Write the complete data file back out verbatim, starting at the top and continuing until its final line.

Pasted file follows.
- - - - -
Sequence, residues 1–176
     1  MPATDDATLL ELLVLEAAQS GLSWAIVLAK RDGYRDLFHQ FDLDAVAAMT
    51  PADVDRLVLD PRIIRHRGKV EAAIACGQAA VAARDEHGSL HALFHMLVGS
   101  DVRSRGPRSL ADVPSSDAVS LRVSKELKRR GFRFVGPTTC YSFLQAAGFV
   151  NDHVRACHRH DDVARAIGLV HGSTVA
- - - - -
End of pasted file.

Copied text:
Sequence, residues 1–176
     1  MPATDDATLL ELLVLEAAQS GLSWAIVLAK RDGYRDLFHQ FDLDAVAAMT
    51  PADVDRLVLD PRIIRHRGKV EAAIACGQAA VAARDEHGSL HALFHMLVGS
   101  DVRSRGPRSL ADVPSSDAVS LRVSKELKRR GFRFVGPTTC YSFLQAAGFV
   151  NDHVRACHRH DDVARAIGLV HGSTVA